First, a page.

Real Time with… SMTAI 2020: SCHUNK Brings New Router to SMTA International



Nolan Johnson connects with SCHUNK Electronic Solutions’ Tom Herndon, regional sales manager, to discuss the company’s upcoming exhibits at SMTAI. Tom shares what visitors to SCHUNK’s virtual booth can expect to find, including an exclusive walking tour of the company’s headquarters facility in Germany. Tom also previews SCHUNK’s newest router, ideal as an entry-level router for shops looking to upgrade or automate.

Prefer to read this content? Here's the transcribed conversation:

Nolan Johnson: Hi, Nolan Johnson here for Real Time with.. SMTAI. Right now, I’m speaking with Tom Herndon, who is a sales manager for SCHUNK Electronic Systems. Welcome, Tom.

Tom Herndon: Thank you very much. It’s good to be here.

Johnson: SCHUNK is exhibiting at SMTA International in the virtual environment. What do you have planned?

Herndon: We have a booth that has everything from videos to PDFs about our products, really just giving the visitor an in-depth look at our products, what we do, and how we do it. We’re hoping there’s enough to take up a person’s time and be able to get some good information out of it.

Johnson: Tell me a little bit more about SCHUNK and your products so that we can help direct the right viewers over to talk to you.

Herndon: Sure. SCHUNK Electronic Solutions is a division of SCHUNK, and we focus strictly on routers or deep handling machines. We offer a wide variety of machines—everything from batch routers, which are manually loaded, to fully automated in-line routers for lights out operations. We offer different, smaller machines to larger machines; pretty much everything to fit high mix-low volume, low mix-high volume—whatever the customer’s needs are.

Johnson: Any new product announcements that we could expect to see through the show?

Herndon: We have a router. SCHUNK Electronic Solutions routers are extremely fast and precise. We actually use our own products in our own machines. We manufactured grippers, rotary units, and the X, Y, and Z gantries are magnetic linear axes that are actually manufactured and assembled in the same plant as the routers themselves. It’s a relatively high-end machine.

To get into, let’s say, a lower precision market, we came out with a SCHUNK SAR compact router, and this router has basically been simplified. It takes all the bells and whistles that we offer in all of our other routers out so that we can meet a different price point. It’s an economical solution.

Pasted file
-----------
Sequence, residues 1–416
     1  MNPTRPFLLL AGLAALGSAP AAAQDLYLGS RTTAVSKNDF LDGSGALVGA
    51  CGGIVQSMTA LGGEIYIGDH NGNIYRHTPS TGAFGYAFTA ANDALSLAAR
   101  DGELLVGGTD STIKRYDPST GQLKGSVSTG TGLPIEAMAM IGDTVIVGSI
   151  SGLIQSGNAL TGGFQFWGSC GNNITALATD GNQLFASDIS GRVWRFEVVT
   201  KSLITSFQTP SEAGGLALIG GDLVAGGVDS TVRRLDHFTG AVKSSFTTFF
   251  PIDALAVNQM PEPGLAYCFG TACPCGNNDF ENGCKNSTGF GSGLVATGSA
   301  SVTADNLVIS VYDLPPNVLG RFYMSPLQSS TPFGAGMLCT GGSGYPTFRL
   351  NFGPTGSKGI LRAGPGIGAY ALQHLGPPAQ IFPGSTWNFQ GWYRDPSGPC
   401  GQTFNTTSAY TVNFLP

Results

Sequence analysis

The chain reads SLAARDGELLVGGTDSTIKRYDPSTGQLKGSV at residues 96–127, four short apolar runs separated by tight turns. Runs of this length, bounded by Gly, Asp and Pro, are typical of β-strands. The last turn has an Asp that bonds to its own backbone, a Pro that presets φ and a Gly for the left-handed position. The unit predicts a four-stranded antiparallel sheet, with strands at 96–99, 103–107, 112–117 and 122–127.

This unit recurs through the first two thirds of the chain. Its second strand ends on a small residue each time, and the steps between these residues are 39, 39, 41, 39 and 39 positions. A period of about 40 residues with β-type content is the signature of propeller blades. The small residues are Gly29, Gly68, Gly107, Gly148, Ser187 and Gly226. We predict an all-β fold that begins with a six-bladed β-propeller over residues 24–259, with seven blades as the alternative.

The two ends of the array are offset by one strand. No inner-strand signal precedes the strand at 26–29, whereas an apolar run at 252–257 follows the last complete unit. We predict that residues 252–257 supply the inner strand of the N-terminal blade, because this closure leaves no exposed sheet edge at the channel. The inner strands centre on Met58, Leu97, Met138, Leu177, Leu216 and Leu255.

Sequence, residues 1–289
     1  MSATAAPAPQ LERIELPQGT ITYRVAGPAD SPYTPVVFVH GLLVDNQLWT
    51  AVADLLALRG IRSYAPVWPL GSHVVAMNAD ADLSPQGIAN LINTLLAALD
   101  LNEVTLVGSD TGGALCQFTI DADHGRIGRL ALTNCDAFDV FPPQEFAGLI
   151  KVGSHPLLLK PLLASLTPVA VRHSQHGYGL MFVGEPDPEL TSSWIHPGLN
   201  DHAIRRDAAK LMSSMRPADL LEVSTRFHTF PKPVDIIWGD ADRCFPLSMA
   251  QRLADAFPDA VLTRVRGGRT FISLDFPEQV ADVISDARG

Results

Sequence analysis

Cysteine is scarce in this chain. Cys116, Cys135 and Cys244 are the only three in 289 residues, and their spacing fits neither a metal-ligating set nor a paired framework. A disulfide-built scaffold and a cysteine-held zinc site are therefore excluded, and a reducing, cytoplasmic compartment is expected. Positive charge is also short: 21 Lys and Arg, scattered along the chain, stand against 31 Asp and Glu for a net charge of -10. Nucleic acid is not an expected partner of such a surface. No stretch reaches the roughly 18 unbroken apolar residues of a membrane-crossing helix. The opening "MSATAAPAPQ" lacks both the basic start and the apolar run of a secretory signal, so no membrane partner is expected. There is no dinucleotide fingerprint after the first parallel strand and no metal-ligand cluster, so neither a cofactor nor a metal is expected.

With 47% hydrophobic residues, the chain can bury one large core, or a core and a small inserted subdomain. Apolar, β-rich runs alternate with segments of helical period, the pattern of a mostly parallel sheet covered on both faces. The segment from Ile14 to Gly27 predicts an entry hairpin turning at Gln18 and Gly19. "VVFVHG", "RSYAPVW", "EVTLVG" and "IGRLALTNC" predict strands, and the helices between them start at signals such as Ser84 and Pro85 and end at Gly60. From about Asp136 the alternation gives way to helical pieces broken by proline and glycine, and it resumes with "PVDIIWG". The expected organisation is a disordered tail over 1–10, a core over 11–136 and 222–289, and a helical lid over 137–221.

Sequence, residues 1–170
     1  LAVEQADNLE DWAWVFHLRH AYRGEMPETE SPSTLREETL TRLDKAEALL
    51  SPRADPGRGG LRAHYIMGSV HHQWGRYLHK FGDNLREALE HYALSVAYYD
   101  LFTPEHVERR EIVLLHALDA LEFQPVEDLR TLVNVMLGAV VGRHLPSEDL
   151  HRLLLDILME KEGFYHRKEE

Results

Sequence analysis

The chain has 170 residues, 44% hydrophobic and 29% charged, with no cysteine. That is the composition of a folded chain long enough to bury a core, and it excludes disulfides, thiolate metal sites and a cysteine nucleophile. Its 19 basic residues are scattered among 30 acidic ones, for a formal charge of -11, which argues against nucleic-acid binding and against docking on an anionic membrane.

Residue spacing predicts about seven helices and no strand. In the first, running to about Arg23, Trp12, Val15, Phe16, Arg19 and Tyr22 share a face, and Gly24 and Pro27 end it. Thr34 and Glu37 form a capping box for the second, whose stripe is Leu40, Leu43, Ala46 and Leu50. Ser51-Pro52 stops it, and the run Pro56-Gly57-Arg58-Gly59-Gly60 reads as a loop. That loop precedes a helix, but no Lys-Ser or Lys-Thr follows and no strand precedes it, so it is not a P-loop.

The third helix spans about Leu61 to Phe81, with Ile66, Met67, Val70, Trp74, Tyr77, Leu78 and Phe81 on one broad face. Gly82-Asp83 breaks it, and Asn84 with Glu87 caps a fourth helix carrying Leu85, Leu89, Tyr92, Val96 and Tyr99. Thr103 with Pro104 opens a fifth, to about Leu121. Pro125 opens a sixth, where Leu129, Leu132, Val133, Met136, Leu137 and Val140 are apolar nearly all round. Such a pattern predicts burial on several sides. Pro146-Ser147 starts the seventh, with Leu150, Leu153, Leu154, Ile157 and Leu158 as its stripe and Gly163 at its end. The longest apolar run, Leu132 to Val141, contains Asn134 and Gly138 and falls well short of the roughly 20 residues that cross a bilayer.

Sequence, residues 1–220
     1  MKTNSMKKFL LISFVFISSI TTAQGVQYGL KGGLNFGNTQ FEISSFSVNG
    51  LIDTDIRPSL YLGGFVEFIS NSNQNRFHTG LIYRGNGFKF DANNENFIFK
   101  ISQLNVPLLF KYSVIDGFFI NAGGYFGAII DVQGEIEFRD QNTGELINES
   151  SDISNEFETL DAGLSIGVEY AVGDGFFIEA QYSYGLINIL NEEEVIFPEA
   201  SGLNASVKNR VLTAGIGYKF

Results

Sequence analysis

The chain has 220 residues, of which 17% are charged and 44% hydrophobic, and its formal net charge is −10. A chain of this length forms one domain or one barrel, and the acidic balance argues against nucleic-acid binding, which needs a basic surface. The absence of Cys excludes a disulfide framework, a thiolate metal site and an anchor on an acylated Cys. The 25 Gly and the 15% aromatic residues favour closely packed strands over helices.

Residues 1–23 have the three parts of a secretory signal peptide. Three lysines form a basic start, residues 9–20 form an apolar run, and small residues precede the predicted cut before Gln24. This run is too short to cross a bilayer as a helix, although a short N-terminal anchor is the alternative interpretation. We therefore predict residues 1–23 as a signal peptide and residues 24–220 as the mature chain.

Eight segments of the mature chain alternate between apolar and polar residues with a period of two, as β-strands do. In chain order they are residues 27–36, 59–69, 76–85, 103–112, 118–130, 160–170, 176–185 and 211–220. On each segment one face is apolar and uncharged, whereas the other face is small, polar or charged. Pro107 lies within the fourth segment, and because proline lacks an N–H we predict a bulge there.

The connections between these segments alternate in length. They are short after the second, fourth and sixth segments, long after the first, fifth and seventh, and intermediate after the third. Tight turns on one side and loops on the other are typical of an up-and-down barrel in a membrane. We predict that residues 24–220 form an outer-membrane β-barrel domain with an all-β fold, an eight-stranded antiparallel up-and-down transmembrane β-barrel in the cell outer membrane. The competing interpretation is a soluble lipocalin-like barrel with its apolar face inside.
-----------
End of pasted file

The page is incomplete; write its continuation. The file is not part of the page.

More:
Routers generally aren’t very cheap. Mostly, customers are using pizza cutters, nibblers, and those kinds of things, so to take a step to a router is quite a big jump. We feel this compact router will enable someone to be able to still get incredible speed and incredible precision but at a relatively economical price point.

Johnson: This sounds like the sort of router that you’d want for your first step into routing machinery.

Herndon: It really is. Absolutely. That’s correct.

Johnson: Are you getting the customer response to that?

Herndon: We are. There are lots of different markets here in the U.S., whether the West Coast or the middle of the country—Michigan and Ohio—a lot of companies aren’t necessarily looking for the fastest and the most precise. I think this router, although it’s still extremely precise and accurate, it will enable someone to get what we maybe call an entry-level router. They will still be able to process boards very quickly and precisely, but it won’t be as big of an investment as they may have thought they might have to pay.

Johnson: Tom, does this new router also have a place for more established, larger organizations that already have routing machinery? Is there a niche for them as well?

Herndon: Absolutely. Our routers have something called a magnoplate fixturing system, and that allows the customer to create their own fixtures. If someone has a number of other routers that they’ve been using—and most of the times, our customers are either upgrading from their current pizza cutters, or they have an older type of machine that maybe the software is outdated or technology’s outdated—this is really a good way in there to get a machine on their floor that will enable them to process boards extremely fast and precisely with excellent results.